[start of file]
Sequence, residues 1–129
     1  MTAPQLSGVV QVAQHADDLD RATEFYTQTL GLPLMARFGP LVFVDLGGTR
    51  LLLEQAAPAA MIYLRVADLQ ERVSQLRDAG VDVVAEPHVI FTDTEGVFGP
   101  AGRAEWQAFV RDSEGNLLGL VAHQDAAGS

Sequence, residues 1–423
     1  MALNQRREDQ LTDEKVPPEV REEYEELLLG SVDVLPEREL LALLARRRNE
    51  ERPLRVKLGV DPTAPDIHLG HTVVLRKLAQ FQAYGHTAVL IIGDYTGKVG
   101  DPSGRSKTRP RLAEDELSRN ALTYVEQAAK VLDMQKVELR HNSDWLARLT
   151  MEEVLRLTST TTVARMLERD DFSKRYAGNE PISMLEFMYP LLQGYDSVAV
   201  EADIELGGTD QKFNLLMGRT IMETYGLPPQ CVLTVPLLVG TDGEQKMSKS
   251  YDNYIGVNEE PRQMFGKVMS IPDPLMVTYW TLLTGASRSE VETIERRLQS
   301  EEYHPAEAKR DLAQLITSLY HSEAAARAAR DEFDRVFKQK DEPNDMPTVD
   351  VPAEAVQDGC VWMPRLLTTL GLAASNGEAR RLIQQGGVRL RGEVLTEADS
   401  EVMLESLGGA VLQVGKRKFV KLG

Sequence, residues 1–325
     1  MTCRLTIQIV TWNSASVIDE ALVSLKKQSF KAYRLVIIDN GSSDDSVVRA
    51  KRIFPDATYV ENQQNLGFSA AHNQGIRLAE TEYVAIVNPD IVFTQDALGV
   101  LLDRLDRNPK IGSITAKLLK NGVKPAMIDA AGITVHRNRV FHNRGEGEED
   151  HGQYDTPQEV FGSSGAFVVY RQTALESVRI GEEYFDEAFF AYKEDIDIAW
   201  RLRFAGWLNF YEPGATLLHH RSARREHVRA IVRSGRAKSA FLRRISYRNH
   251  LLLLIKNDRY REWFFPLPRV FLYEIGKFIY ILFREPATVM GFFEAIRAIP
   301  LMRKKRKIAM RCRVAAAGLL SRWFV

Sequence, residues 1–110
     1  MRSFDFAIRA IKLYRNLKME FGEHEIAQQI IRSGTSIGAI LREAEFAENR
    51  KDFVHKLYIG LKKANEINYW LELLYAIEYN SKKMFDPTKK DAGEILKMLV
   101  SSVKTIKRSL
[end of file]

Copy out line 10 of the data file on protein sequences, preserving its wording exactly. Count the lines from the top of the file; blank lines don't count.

   201  EADIELGGTD QKFNLLMGRT IMETYGLPPQ CVLTVPLLVG TDGEQKMSKS